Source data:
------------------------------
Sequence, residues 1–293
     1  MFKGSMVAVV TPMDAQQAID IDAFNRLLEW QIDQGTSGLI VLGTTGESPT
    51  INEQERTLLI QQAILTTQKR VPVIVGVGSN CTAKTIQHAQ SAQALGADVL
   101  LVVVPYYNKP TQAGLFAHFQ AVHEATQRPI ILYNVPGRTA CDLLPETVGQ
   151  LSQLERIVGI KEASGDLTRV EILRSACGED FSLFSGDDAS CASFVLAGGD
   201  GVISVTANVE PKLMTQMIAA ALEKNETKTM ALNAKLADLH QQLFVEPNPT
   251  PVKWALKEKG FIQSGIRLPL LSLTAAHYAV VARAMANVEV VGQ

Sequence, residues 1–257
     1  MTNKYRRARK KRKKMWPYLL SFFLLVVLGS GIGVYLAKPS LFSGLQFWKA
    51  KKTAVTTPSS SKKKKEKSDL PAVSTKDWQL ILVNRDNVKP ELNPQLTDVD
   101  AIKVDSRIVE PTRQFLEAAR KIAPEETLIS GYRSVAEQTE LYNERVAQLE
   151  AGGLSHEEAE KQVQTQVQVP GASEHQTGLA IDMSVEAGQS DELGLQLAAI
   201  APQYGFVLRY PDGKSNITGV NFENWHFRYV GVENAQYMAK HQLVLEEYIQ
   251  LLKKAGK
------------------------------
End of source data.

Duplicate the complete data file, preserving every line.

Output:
Sequence, residues 1–293
     1  MFKGSMVAVV TPMDAQQAID IDAFNRLLEW QIDQGTSGLI VLGTTGESPT
    51  INEQERTLLI QQAILTTQKR VPVIVGVGSN CTAKTIQHAQ SAQALGADVL
   101  LVVVPYYNKP TQAGLFAHFQ AVHEATQRPI ILYNVPGRTA CDLLPETVGQ
   151  LSQLERIVGI KEASGDLTRV EILRSACGED FSLFSGDDAS CASFVLAGGD
   201  GVISVTANVE PKLMTQMIAA ALEKNETKTM ALNAKLADLH QQLFVEPNPT
   251  PVKWALKEKG FIQSGIRLPL LSLTAAHYAV VARAMANVEV VGQ

Sequence, residues 1–257
     1  MTNKYRRARK KRKKMWPYLL SFFLLVVLGS GIGVYLAKPS LFSGLQFWKA
    51  KKTAVTTPSS SKKKKEKSDL PAVSTKDWQL ILVNRDNVKP ELNPQLTDVD
   101  AIKVDSRIVE PTRQFLEAAR KIAPEETLIS GYRSVAEQTE LYNERVAQLE
   151  AGGLSHEEAE KQVQTQVQVP GASEHQTGLA IDMSVEAGQS DELGLQLAAI
   201  APQYGFVLRY PDGKSNITGV NFENWHFRYV GVENAQYMAK HQLVLEEYIQ
   251  LLKKAGK